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Re: CO2 gone quickly
> Date: Sat, 26 Jun 1999 13:17:38 -0700
> From: Wright Huntley <huntley1 at home_com>
> Subject: Re: CO2 gone quickly
> All the experts here advising the use of Teflon water-pipe tape make me
> nervous about saying this:
> Don't do it!
> Teflon cold-flows a bit and acts as a lubricant in threaded joints, so it
> can actually help stop leaks. It's refusal to "wet" is why it is used for
> *water* pipes and other liquids. Never, ever use it on high-pressure gas
> The problem is that the tendency to shred can cause a catastrophe when some
> bits eventually leak into a needle valve or regulator. It is better on the
> low-pressure side of a regulator, but I'll use pipe compound there, rather
> than risk a dead needle valve. Flare or compression fittings are better
> anyway, for such service.
> I learned this over 30 years ago, when I worked for HP Labs in Palo Alto.
> After several disasters, it became company policy that teflon tape was not
> to be used on any dry fitting, ever. AFAIK, the reason is still valid,
> today. You may get away with it for years, but then...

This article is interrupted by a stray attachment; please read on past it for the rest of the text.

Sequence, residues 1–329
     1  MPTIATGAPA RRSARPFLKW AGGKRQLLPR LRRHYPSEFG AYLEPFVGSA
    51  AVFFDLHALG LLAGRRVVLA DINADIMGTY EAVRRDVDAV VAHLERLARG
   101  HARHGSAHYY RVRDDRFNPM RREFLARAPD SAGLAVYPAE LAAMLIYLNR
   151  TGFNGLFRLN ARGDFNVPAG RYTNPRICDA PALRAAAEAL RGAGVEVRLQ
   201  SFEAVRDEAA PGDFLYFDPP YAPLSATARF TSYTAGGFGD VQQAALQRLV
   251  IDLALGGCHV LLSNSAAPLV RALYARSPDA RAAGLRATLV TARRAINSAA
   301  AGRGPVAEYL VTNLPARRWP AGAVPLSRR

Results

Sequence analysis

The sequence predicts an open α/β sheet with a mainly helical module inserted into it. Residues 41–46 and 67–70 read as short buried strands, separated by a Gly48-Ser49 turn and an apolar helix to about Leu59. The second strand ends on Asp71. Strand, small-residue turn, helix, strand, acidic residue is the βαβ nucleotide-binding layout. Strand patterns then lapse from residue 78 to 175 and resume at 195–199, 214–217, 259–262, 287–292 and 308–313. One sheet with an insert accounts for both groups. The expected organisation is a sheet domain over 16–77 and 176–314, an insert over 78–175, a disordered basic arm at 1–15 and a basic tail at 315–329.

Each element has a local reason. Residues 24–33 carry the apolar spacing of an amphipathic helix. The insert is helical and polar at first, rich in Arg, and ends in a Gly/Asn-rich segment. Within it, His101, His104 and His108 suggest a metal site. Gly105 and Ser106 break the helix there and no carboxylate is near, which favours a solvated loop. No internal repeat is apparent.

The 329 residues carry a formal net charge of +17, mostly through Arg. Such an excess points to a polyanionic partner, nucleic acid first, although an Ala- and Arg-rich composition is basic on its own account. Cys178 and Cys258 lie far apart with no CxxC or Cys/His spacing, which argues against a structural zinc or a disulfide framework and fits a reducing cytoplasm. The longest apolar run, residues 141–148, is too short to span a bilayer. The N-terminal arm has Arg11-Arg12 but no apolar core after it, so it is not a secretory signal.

I have to agree that pipe compound is the better way to go but:
30 years is a long time ago and stores now sell teflon tape for gas
connections. I used it to connect my regulator to my gas bottle and I
haven't had any problems. The tape is much thicker than regular tef and
is yellow as opposed to the usual white.
Shredding is usually the result of either backing up while screwing the
fittings togehter or the use of too much tape. When properly applied
the tape should make a leak tight connection.
Also make sure to remove all old tape or any other dirt from both
connection ends when redoing the connection. Awooden tooth pick comes
in handy here.
I don't know about the general availability of the yellow tape but I
know Home Depot carries it.
johan at mmdg_org